Earl Baldwin of Bewdley: My Lords, does the Minister agree that it might be as wise a precaution to ban meat with implanted hormones as it is to ban feed that contains animal remains?

Lord Lucas: My Lords, I do not see the connection at all.

The Countess of Mar: My Lords, I understand that these growth hormones are based on steroids. Will the Minister explain why vets have not been allowed to use therapeutic doses of steroids on animals that have lost their appetites, when in the past they have proved extremely beneficial to the health of the animals? Why have the Government accepted that stricture when they are so against the implantation of hormones?

Lord Lucas: My Lords, we are all in favour of the therapeutic use of hormones where these have no harmful effect on humans as a result of their use and

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where they have a beneficial effect on the animal. We are at present somewhat hobbled by the European Union taking a different view, not based on science but based purely on decisions it believes it should take on behalf of consumers, rather than allowing consumers to take their own decisions.

Lord Carter: My Lords, if the Government decide on a cattle slaughter policy as a result of the BSE crisis, it will be against the advice of their scientific advisers, who have not recommended a slaughter policy. If the Government are prepared to override scientific advice where BSE is concerned, why can they not do the same for hormone-implanted beef to ensure consumer confidence?

Lord Lucas: My Lords, I fail to see the connection at all between something that is admittedly of possible potential danger to human beings and something that is provably of no potential danger to human beings.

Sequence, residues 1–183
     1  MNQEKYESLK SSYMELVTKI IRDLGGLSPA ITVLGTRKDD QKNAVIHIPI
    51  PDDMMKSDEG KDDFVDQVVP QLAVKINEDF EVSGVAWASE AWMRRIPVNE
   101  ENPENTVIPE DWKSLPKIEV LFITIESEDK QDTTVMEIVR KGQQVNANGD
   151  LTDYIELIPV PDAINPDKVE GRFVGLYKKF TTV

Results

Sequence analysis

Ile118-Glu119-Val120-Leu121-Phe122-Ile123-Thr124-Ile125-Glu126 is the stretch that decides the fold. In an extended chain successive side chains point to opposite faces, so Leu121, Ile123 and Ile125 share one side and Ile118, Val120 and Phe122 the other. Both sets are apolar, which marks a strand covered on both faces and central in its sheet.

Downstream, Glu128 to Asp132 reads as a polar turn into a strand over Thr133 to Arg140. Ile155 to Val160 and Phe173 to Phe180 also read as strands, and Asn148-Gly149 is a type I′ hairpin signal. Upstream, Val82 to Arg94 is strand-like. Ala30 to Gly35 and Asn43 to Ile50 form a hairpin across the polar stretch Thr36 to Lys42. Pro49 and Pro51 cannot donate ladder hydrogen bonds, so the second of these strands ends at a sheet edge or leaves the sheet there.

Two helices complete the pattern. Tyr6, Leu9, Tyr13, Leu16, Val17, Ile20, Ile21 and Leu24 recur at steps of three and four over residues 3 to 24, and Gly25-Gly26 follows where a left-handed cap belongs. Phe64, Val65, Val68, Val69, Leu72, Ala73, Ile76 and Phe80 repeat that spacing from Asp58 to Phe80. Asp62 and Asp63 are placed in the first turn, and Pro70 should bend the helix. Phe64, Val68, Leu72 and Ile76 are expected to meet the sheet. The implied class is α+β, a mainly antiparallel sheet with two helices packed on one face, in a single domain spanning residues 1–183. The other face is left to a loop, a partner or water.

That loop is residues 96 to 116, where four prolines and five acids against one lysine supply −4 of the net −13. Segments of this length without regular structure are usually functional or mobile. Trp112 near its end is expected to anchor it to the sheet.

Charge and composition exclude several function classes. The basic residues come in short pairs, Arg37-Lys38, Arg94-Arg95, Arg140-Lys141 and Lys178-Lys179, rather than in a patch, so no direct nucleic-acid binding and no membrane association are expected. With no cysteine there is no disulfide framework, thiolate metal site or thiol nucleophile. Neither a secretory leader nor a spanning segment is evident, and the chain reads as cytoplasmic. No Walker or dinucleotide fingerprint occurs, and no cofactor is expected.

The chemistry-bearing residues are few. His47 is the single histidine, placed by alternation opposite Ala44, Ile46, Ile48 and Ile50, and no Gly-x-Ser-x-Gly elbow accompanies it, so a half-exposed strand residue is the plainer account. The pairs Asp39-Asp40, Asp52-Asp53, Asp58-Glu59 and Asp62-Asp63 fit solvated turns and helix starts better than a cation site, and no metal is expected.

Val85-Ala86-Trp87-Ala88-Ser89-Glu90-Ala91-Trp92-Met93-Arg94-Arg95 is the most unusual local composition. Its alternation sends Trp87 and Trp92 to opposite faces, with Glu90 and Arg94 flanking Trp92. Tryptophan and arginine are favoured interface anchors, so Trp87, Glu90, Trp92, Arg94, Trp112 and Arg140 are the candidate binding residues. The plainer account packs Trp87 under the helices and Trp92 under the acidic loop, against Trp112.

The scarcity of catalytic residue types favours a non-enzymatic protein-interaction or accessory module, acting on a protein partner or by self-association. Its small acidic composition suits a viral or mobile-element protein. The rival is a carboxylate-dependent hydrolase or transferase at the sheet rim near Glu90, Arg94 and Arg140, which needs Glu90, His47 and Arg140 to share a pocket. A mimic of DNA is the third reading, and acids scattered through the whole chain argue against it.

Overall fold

Smoking and Health

3.8 p.m.

Lord Monson asked Her Majesty's Government:

    Whether, in the light of the 121st birthday of Mme. Jeanne Calment last month, they will modify the health warnings on cigarette packets.

The Parliamentary Under-Secretary of State, Department of Health (Baroness Cumberlege): No, my Lords. While I applaud Mme. Calment's achievement in becoming the world's oldest person, I do not accept that her longevity is in any way attributable to her liking for an occasional cigarette.

Lord Monson: My Lords, I am grateful to the Minister for that ingenious reply. Is she aware that Mme. Calment was advised at the age of 117 to give up smoking on the grounds that it was bad for her health? She was so miserable that after a year she started again, in moderation, on her 118th birthday and has not looked back since. She is now the oldest person in the world. Does the Minister agree that it seems to prove that a little of what you fancy does you good? To show that this is not a one-off, does she further agree that the Greeks are the heaviest smokers in the world yet they have the longest life expectancy in Europe?

Baroness Cumberlege: My Lords, I understand that a number of studies have been carried out on the Greek diet and that that also has an effect. I also understand that Mme. Calment drinks wine, eats chocolate cake, and is not unlike my noble friend Lady Trumpington whom we know to be indestructible.

Lord Clark of Kempston: My Lords, does the Minister agree that if the Exchequer were to lose the duty on tobacco and cigarettes it would mean the standard rate of income tax having to be increased by 4p in the pound to make up the deficit?

Baroness Cumberlege: My Lords, it is the Government's policy to increase the duty on cigarettes.

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It has a direct correlation to the numbers of people who give up smoking. The higher the price, the less people are likely to smoke.

Lord Mason of Barnsley: My Lords, is the Minister aware that on my pipe-smoking package it says, "Smoking causes cancer"? That is in accordance with the cancer directive 92/41. But that is not necessarily so. Is the Minister aware also that Lord Shinwell puffed a pipe every day until he was 100 years of age; Lord Brockway puffed a pipe every day until he was 99; and the average age of the Peers in this House who belong to the Lords and Commons Pipe and Cigar Smokers Club is over 70? Does not the Minister agree therefore that we should remove the slogan on cigarette packets and replace it with one that says, "Smoke a pipe and live longer"?